Anoka County is rich in wetlands that provide countless benefits to the county's ecological and water resources. Wetlands capture and filter floodwater and runoff, provide habitat for aquatic and terrestrial species, and help recharge the groundwater supply. Anoka County has lost approximately half of its original wetlands since European settlement. Historically wetlands have been drained and filled to create more useable land for agriculture and rural development. Many regulations exist to protect wetlands today, but a history of impacts combined with present-day challenges such as invasive vegetation, increasing demands for housing and suburban development, and altered hydrology threaten what remains.
For these reasons, the Anoka Conservation District (ACD) has increased efforts to identify wetland protection and restoration opportunities. An inventory of restorable wetlands was recently completed for two priority watersheds in the county including the Ford Brook watershed and the Rum River direct drainage watershed. Altogether, approximately 70 potential wetland restoration sites were identified across both private and public lands. In the coming months, ACD will conduct outreach and explore these possible opportunities in more depth, with the goal of restoring hydrology and native vegetation at one or more sites in 2024.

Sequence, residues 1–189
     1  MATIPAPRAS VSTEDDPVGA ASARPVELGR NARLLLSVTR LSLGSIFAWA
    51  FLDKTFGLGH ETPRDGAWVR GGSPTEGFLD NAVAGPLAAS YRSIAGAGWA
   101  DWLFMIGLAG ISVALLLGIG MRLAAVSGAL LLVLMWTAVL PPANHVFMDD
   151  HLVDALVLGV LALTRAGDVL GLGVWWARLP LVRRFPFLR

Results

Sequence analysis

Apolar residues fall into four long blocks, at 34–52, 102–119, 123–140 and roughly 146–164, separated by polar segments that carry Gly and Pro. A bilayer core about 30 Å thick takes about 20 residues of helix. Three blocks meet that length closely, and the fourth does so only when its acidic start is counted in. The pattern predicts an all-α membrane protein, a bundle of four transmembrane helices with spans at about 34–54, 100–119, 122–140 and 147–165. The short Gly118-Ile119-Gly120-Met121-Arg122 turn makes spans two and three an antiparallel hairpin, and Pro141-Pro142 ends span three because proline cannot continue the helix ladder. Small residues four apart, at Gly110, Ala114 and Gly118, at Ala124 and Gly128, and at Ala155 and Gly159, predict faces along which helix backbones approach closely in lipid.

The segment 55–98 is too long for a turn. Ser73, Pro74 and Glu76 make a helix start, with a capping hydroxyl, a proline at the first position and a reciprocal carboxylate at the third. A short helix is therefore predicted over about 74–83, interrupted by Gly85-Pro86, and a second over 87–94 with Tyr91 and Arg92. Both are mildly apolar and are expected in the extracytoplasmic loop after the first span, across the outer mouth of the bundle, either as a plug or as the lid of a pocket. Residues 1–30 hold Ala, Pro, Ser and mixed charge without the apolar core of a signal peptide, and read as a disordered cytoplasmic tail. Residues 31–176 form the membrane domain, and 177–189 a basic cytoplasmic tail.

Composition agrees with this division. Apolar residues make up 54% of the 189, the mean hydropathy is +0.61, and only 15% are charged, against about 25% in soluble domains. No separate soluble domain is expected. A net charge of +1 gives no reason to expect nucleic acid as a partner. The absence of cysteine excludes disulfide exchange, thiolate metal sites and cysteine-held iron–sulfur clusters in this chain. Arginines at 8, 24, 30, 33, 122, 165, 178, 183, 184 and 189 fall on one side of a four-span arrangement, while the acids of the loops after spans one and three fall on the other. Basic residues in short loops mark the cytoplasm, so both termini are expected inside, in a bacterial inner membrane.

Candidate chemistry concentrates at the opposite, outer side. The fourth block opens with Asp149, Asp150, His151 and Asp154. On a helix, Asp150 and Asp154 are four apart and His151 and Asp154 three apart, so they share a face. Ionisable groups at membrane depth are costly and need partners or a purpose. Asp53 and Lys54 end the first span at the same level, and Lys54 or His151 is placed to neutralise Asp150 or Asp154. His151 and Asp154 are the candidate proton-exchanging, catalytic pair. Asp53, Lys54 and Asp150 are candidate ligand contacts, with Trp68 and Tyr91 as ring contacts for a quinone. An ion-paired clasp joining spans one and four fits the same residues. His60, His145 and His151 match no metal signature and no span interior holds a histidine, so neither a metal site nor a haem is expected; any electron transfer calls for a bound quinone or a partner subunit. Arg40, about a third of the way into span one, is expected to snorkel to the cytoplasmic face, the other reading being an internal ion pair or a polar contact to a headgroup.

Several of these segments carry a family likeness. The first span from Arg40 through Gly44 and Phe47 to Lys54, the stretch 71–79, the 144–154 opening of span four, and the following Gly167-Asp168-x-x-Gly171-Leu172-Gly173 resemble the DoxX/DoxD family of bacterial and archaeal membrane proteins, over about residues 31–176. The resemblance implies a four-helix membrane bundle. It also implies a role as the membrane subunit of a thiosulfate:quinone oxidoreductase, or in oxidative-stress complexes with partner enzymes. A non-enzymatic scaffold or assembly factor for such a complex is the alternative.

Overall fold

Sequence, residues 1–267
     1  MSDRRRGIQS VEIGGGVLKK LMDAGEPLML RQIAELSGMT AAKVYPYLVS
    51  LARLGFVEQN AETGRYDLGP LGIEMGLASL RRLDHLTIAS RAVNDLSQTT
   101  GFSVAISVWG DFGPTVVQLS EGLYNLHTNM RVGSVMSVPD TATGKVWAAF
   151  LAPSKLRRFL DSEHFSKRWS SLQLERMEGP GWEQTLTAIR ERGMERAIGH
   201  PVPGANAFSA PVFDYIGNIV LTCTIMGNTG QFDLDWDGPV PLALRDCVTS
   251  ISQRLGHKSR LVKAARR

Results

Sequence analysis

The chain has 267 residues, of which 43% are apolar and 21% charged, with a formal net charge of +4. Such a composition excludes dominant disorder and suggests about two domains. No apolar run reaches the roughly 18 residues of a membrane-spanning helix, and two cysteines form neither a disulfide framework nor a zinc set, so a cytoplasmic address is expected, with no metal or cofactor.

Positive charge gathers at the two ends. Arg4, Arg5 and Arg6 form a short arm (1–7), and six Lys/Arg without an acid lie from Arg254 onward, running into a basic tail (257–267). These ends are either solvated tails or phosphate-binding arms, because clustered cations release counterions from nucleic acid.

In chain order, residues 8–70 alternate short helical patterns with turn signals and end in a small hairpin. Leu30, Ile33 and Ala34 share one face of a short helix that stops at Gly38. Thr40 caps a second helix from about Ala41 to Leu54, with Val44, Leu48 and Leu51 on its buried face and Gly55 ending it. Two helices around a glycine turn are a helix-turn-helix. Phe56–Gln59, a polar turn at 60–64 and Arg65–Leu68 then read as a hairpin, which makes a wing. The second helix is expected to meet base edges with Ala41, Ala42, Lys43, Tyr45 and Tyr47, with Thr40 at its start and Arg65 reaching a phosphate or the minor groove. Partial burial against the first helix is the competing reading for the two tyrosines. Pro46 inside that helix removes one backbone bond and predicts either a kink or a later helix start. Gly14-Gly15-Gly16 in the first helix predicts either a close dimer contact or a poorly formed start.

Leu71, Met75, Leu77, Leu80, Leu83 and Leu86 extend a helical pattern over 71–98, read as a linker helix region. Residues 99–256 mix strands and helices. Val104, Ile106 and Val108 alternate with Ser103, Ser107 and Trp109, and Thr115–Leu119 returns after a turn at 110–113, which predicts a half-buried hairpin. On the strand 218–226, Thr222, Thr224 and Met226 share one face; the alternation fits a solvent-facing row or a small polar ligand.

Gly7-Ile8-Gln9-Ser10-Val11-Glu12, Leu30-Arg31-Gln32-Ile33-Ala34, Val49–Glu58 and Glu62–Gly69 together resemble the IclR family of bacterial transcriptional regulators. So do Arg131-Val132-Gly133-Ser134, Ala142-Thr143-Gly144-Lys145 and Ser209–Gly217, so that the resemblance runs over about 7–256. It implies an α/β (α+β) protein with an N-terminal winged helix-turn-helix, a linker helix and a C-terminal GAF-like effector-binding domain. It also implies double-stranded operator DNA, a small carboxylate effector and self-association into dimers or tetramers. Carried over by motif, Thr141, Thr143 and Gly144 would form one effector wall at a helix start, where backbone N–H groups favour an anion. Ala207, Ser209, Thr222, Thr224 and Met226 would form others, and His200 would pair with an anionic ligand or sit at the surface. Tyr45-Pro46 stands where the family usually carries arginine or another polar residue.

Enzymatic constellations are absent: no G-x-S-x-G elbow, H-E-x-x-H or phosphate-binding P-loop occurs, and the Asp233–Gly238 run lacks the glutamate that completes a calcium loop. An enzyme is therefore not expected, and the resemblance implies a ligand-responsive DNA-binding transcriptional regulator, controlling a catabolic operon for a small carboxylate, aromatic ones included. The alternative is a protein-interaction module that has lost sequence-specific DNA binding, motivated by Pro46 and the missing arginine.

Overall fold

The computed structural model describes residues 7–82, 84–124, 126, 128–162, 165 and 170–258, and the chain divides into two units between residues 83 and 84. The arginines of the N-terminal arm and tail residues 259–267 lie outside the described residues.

ACD has enhanced wetland habitat via vegetation management for several years, but hydrologic restorations are a relatively new endeavor which require careful planning, holistic approaches, and multi-agency collaboration. In 2022, five acres' worth of wetlands on public land were successfully restored by plugging drainage ditches which restored previous hydrology conditions and managed current vegetation such as the invasive reed canary grass to improve habitat with a diversity of native species.
For more information contact Brenna Keith,